Not correct. Heat flow is proportional to some power > 1 of the
temperature difference. It's been too many years since I knew and I'm
too lazy to look it up tonight. But reducing the temp diff by 1/4 will
save a lot more than 1/4 of the energy use and thus of the bill.
Harry is mostly correct on this one. The rate of heat loss from a
closed system is proportional to the temperature difference. Cut the
differential in half and you cut the heat loss rate in half. If you
have a sealed tank with water at 70, it will take twice as much heat
input to keep it at 110 as it would to keep it at 90. However, a
house isn't closed. Not only do you lose heat through the walls,
ceiling, etc. you also lose some heat due to air leakage. But
overall, I'd say Harry;s estimate is in the ballpark.
On Wed, 20 Oct 2010 11:36:53 -0700 (PDT), firstname.lastname@example.org wrote:
Sorry, yes, you're right -- for conduction.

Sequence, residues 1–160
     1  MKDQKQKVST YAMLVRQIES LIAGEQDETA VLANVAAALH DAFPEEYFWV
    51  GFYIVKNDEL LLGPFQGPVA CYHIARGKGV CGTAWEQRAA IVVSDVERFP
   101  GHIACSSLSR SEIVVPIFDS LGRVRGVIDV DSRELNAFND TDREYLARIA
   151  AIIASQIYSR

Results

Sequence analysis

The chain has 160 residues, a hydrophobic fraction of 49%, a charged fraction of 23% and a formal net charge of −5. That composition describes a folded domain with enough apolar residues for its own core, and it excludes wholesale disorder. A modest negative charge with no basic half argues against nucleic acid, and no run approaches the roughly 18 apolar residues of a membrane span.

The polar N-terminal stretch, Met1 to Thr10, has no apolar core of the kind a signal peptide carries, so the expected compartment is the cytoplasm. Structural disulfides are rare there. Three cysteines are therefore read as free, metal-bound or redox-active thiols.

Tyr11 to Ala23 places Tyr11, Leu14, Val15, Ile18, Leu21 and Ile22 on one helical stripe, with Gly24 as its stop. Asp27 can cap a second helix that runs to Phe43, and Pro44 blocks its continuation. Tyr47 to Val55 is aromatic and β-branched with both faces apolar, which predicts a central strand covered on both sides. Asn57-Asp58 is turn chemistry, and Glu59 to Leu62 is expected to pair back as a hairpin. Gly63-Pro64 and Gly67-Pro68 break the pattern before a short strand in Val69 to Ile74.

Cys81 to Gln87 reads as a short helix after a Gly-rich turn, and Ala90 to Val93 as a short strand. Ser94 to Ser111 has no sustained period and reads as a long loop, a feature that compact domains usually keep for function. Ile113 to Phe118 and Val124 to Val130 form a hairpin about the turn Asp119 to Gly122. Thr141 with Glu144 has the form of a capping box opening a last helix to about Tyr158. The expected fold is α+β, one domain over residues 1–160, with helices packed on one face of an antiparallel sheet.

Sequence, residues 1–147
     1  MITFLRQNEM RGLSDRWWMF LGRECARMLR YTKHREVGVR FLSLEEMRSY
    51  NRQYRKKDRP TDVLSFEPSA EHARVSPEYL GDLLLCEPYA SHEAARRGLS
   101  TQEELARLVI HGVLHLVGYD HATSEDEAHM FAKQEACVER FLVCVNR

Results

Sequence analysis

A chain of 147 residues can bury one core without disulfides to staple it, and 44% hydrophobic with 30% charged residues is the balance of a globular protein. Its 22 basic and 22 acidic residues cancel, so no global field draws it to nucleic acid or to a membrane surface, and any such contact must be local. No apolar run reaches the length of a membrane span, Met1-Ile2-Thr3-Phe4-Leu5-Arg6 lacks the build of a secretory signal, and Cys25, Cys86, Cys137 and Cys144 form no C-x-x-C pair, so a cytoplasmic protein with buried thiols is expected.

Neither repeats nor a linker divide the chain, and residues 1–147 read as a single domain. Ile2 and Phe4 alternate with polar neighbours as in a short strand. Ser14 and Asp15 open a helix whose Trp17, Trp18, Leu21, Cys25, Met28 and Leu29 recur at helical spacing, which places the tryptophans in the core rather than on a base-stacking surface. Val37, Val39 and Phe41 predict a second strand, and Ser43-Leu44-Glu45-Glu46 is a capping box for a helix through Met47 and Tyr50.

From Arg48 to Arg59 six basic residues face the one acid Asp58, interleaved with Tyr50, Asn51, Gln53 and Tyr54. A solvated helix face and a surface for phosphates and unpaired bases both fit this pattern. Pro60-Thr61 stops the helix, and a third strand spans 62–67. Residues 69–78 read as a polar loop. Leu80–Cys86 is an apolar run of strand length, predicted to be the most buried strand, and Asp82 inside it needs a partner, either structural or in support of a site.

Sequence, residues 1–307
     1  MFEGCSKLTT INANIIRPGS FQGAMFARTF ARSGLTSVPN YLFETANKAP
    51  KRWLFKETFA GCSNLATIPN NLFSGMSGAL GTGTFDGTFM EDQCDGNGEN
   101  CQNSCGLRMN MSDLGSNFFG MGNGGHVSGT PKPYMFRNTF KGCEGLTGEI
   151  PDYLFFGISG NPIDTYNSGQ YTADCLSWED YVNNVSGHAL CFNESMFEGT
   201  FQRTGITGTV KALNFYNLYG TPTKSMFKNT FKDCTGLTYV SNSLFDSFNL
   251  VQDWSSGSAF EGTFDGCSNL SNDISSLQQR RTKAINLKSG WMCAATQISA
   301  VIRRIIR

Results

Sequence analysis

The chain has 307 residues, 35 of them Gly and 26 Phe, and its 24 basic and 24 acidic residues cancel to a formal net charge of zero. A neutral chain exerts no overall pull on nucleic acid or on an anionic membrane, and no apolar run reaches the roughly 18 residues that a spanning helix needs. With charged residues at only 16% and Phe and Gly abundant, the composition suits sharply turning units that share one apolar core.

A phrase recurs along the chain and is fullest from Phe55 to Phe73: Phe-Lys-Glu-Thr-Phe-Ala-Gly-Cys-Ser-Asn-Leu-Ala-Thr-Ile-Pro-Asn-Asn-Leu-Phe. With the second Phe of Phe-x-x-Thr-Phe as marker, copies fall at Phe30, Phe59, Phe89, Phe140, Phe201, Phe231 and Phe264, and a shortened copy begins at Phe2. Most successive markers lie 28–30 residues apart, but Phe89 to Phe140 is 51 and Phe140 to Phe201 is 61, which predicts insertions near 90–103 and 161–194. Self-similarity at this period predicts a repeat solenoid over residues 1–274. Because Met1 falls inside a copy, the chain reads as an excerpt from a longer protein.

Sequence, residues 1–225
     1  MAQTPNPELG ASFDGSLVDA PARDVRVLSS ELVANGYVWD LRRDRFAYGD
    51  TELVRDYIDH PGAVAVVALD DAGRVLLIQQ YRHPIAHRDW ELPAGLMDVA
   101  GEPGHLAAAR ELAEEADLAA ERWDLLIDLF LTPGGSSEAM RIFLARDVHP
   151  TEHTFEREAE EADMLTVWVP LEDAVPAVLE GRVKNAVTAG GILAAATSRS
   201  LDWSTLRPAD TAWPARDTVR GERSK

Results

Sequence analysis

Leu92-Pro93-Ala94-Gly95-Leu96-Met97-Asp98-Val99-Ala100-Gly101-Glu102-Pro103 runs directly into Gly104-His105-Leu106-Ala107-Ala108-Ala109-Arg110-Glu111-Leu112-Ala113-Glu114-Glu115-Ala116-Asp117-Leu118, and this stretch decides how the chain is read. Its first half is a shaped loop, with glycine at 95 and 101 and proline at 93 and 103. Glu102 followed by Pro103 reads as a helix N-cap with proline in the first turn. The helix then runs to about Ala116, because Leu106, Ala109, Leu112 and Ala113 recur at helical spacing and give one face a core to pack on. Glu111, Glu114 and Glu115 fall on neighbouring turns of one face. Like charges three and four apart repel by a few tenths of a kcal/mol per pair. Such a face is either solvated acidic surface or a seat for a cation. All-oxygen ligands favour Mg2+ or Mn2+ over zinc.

For radiation, the transfer rate is proportional to the difference
between the fourth powers of the temperatures:
So with good insulation in the case under discussion, with most of the
heat interchange being conductive, the total interchange is close to
However, most wall systems do involve some radiative transfer too, and
walls with no insulation will have quite significant radiative
transfer. However, I don't know just how much.
Old houses often have little or no insulation in the walls.
My place is double brick, with 3/4" batten strips , covered with wood lath
and horse hair plaster. I would have to tear off the plaster and window
trim to add the framing and insulation.
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